Sharing your analytic code in open source epidemiology
I've become involved in the open source movement and recently wrote an article in the journal Epidemiology about how we can advance epidemiology by releasing our analytic codes. There are four main benefits to releasing code: 1) transparency, 2) reproducibility, 3) advancement of methods, and 4) education. As epidemiologists, we do not maintain a monopoly on our methods, and information should be free and accessible to all.
For those interested in following suit, I've prepared this brief tutorial. I'm using GitHub as the source code repository, and Zenodo as a way to make the work citable (through a digital object identifier, or DOI). I don't specifically endorse any open source platform, but these two have worked well for me and are respected in the community.
First, you'll need to obtain a free account on GitHub. Then, using your GitHub account, setup a corresponding Zenodo account, configured as documented in the "Login to Zenodo" section in this other blog post.
Before releasing your code, be sure to have redacted any proprietary or personal information, cleaned up your coded according to "coding best practices," and provided the citation to the published article in the source code so your audience can learn more about your work. You may also be interested in applying an open source license. I recommend the simple MIT license for all code being released (unless you're code inherits other code, in which case a GPL license is likely the best fit).
Once you're ready to share your code, follow these five steps:
[EDIT: Nov 1 2017]
As I originally wrote this, I did not consider the complication of publishing your code during the peer review process of the corresponding manuscript. Now that I have been through that process, I have a few tips/recommendations to share. These are mainly applicable for those using GitHub to archive the code and Zenodo to share the code through a DOI.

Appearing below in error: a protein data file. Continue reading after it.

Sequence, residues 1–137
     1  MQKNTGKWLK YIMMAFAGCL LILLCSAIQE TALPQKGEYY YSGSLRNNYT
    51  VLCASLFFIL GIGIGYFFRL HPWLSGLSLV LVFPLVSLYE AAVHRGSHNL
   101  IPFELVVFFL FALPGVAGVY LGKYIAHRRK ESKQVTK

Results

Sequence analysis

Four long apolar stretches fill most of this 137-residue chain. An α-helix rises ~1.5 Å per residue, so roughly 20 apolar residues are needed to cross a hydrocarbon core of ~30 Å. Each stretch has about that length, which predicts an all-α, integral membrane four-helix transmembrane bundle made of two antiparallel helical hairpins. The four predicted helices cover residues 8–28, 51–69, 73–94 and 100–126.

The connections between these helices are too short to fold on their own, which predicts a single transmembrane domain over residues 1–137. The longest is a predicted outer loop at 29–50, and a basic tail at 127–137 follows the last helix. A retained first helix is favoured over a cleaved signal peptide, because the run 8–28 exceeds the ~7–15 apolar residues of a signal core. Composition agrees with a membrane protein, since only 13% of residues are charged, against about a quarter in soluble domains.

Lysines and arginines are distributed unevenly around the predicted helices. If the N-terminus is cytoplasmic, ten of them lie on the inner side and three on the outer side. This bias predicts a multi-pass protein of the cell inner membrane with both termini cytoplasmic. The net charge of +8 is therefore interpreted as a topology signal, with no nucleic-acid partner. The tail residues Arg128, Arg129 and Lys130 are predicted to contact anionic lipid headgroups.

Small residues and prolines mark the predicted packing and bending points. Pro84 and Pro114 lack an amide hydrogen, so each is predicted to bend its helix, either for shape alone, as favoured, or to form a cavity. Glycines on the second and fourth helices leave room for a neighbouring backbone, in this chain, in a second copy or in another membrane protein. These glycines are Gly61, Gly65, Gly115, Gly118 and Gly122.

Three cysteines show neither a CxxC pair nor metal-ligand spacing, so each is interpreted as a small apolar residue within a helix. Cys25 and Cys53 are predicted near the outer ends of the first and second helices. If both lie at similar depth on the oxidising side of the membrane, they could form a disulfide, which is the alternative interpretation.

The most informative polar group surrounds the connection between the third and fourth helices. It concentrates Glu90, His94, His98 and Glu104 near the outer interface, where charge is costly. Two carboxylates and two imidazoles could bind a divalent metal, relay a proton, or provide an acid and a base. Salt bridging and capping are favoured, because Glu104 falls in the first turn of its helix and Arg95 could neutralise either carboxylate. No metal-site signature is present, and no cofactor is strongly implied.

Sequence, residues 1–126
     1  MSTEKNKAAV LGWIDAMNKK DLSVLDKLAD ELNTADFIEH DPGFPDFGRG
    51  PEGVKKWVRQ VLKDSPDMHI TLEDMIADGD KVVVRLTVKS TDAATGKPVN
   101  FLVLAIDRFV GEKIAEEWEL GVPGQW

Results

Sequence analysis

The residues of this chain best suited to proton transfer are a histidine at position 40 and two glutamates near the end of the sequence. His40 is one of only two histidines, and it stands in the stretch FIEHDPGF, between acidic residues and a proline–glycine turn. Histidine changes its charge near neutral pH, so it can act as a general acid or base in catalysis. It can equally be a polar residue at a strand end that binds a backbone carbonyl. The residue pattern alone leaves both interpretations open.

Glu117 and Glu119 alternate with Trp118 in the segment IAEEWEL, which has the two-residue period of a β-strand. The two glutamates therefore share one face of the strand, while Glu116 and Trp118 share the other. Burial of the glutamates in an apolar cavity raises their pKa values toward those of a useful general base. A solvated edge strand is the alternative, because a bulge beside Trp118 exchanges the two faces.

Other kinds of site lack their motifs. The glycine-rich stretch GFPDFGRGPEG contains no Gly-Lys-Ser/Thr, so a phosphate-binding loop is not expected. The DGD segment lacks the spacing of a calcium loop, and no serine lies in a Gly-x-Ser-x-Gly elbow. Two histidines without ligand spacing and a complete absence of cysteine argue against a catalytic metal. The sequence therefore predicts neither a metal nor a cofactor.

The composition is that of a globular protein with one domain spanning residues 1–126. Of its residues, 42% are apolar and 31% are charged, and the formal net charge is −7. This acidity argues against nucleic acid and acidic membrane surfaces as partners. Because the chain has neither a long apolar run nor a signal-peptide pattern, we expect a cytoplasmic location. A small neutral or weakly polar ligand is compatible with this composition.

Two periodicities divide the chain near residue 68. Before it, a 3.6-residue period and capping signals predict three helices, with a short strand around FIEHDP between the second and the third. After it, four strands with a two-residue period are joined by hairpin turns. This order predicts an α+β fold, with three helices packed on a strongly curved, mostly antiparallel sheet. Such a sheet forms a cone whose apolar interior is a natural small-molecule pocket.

When releasing your initial code, I would set it as a "pre-release" in GitHub. There is a simple checkbox when creating a release that flags it as such. Then you include the release specific DOI in the manuscript. Behind the scenes, Zenodo has actually created two DOIs when you create the initial release: one that is specific to the release, the other that is generic to the repository. This generic one will always link to the most recent release you have on file. This is potentially useful if you just wish to have the manuscript always link to the most recent code. However, this also creates a potential problem, because in theory, the manuscript should link to the code that was used for that iteration of the manuscript. The alternative - and I think proper -solution is to create a release for each iteration of the manuscript/code. Suppose you get back the initial submission peer reviews and it is a revise-and-resubmit. If, during this process, you needed to run additional analyses or have changes your code, you can create a new release on GitHub that will correspondingly (and automatically) generate a new DOI on Zenodo. The revised manuscript then includes this updated and release specific DOI. And This solution works fine...until the point that the manuscript is accepted for publication. Since you don't want to necessarily link to pre-release software in your manuscript, you have one final opportunity to update the DOI when you receive the page proofs. At this point, you create the final release on GitHub, uncheck "pre-release", and drop the new DOI into the page proofs for publication. In the simple example here, of an initial submission and revised (and ultimately accepted) manuscript, there will be three releases and four DOIs, as follows:
Of course, you can avoid the burden of these additional steps by including the generic repository DOI in the original manuscript, but if you update the code at any point after the article goes in press, readers will be unsure of exactly what code was used for the manuscript analyses. And isn't that the point of release your code?
One final note for creating updating code/creating new releases on GitHub. If you are truly working in a collaborative environment, you would need to create a pull request to update the code. However, assuming you are the sole author of the analytic code, the original code can simply be updated by editing the current code in your repository. When you update the original code, you can commit the code changes directly to the master branch (effectively bypassing the collaborative nature of GitHub). Previous versions of the code are still accessible to interested parties, by clicking the History link. Creating a new release simple takes a snapshot of the current code and archives it for posterity.